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Yngwie Malmsteen - Rising Force: Odyssey CD (album) cover


Yngwie Malmsteen


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3.47 | 73 ratings

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4 stars The Other End of Yngwie

Oh how meister shred wanted to be a rock star. From the costumes, the persona, the posing, clearly Mr. Malmsteen desperately wanted to hit the big time. While Yngwie's legacy really could have been established by his debut album alone, he continued to make albums for decades more. For good or bad, this later sound was enormously influential on what was to become the genres of prog metal and power metal. As a shred head in the 1980's I devoured everything Malmsteen did up through the early 90's. However, I would offer that 20 years later, you need only two albums, the seminal debut and this album, which is Malmsteen's best "mainstream" offering. I bought this album when it was first released and at the time Yngwie made no bones about it being a publicity grab. While the previous two albums had been moving more and more in this direction, ODYSSEY is where everything really fell together. Adding Rainbow alum Joe Lynn Turner made for some of the best Power-Pop in Yngwie's catalog. While some bemoan Turner's pop sensibilities, his sense of melody really helped Yngwie's compositions progress past earlier tries at vocal music.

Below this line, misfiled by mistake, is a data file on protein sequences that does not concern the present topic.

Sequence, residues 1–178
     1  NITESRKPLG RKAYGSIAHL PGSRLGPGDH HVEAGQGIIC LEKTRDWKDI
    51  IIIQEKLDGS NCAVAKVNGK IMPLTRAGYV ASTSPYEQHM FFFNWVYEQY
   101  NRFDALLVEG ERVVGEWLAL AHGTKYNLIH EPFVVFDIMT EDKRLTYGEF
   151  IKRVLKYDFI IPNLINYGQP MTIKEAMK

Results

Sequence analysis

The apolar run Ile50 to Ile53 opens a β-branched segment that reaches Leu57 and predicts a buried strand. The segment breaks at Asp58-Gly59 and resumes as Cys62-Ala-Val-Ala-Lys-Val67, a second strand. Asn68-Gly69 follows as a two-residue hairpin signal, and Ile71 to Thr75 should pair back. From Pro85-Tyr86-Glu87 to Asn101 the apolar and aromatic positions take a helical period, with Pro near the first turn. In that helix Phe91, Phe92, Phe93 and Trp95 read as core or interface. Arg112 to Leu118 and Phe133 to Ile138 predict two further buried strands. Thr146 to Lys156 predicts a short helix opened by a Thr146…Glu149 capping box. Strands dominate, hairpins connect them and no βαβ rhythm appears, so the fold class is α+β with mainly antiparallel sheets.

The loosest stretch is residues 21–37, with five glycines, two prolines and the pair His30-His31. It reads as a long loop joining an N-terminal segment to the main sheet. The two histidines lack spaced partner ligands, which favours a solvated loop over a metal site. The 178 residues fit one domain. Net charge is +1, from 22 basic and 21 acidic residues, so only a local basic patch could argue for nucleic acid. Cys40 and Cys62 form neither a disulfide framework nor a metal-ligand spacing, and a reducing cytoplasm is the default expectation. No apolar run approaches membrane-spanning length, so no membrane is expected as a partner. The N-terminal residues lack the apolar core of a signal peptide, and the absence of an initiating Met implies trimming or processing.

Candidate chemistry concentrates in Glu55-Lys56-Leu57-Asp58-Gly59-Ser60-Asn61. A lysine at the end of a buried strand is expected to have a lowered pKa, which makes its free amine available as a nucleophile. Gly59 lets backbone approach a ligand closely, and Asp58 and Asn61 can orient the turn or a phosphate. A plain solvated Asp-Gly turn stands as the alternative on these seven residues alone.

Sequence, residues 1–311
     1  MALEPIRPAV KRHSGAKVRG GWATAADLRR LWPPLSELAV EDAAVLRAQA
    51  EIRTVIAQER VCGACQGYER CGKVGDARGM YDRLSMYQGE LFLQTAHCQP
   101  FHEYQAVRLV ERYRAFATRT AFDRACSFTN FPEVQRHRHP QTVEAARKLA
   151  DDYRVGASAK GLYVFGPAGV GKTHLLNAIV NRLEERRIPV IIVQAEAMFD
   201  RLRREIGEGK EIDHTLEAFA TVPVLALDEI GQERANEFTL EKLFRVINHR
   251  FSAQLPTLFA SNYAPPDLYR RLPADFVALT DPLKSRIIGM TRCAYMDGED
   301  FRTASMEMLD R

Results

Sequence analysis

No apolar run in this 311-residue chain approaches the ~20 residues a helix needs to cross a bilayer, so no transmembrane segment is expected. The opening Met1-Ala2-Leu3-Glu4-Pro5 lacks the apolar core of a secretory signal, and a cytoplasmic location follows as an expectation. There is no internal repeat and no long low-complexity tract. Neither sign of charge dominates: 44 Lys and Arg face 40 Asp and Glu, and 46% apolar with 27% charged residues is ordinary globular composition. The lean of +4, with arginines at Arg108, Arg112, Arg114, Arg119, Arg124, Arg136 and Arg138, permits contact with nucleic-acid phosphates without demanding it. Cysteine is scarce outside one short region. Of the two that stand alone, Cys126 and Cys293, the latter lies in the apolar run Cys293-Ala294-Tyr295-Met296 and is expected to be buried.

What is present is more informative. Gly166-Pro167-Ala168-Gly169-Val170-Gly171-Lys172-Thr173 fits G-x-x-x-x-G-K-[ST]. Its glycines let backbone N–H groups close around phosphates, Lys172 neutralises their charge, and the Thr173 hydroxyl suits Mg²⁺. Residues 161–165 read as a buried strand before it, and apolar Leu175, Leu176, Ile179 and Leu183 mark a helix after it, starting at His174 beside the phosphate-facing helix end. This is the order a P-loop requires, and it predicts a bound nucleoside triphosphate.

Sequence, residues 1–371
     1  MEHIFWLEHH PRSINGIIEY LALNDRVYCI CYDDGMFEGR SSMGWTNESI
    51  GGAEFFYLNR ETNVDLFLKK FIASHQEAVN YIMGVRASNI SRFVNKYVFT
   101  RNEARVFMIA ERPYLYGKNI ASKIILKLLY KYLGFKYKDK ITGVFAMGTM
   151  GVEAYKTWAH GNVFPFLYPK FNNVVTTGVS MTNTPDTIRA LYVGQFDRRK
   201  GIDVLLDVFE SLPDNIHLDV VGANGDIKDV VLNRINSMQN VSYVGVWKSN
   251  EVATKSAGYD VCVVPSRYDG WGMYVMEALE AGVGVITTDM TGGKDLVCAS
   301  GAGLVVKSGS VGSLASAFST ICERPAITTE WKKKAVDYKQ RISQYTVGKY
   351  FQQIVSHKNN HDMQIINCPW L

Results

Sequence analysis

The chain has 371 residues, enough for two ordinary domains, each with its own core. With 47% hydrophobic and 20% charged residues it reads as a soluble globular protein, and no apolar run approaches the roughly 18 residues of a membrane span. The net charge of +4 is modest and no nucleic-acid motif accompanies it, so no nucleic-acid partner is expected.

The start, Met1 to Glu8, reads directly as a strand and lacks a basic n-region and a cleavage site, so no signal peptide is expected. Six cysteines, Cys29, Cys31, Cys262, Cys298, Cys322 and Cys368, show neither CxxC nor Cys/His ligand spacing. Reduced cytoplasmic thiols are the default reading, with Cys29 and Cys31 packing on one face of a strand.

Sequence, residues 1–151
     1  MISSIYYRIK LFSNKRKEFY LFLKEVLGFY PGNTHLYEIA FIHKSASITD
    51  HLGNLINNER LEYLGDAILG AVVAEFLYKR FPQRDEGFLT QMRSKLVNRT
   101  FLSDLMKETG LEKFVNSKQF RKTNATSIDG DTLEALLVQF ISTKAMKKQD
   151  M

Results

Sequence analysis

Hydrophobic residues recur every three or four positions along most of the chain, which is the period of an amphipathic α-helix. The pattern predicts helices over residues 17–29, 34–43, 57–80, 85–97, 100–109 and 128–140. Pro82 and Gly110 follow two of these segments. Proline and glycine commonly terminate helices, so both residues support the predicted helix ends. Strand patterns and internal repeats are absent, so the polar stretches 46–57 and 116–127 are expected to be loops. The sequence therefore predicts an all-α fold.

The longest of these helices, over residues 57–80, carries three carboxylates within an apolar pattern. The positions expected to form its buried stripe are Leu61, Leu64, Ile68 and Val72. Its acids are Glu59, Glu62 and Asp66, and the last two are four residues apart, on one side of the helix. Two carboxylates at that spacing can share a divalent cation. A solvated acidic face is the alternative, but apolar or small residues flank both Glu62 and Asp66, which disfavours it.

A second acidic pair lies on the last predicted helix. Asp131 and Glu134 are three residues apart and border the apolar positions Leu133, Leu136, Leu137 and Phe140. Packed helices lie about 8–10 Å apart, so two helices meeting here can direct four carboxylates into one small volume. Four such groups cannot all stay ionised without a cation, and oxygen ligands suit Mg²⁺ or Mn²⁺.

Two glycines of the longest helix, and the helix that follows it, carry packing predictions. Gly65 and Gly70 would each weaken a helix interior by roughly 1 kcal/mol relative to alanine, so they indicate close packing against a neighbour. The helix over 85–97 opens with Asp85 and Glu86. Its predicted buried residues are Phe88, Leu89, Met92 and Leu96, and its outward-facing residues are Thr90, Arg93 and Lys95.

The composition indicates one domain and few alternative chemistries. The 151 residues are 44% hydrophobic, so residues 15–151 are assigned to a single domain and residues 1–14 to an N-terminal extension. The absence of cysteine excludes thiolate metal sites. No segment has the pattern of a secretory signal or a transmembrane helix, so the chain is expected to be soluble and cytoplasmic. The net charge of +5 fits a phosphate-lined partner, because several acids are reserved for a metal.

Unlike the debut, where the vocal songs are just laughably bad, there really are some viable full band songs on this album. The best is the opener "Rising Force" which has a kicking main riff, a great raise-your-fist style lyric (about the only thing this crew could viably write about), and a jaw-dropping solo. "Dreaming (Tell Me)" is a power ballad typical of the time in feel, but musically more interesting than the songs that were on the radio. Yngwie sprinkles the song with some classical ideas and tonality, and it's one of the few 80's power ballads I can still listen to. "Hold On" and "Heaven Tonight" aren't nearly as good but the instrumentals "Bite the Bullett," "Krakatau," and "Memories" make up for them easily.

Of course, the main point of any Yngwie album is to listen to the guitars wail. By Odyssey, Malmsteen actually had progressed from his initial bag of tricks and was much more musical in his application of his technique. In addition, the interplay of Yngwie and keyboardist Jens Johannson was well established, and the sound and style of the solo sections here became a template for countless metal bands to follow. I remember thinking at the time that the keyboard player was just as good as Yngwie, though no one seemed to mention him. I wasn't alone. Not surprisingly, Johannson has went on to be a valuable piece of other bands where really Malmsteen peaked here on this album.

Yngwie hoped this would be the album that brought him to the spotlight. It didn't. But it really was a high point for his entire body of work, post-instrumental debut. While "Trilogy" and "Marching Out" were pointing in this direction, when I listen to all the modern shred guitarists across European metal, this is the album I hear. Enormously influential, I would place ODYSSEY as an essential part of the history of metal. As prog, it's still an excellent addition to anyone's collection.

Negoba | 4/5 |


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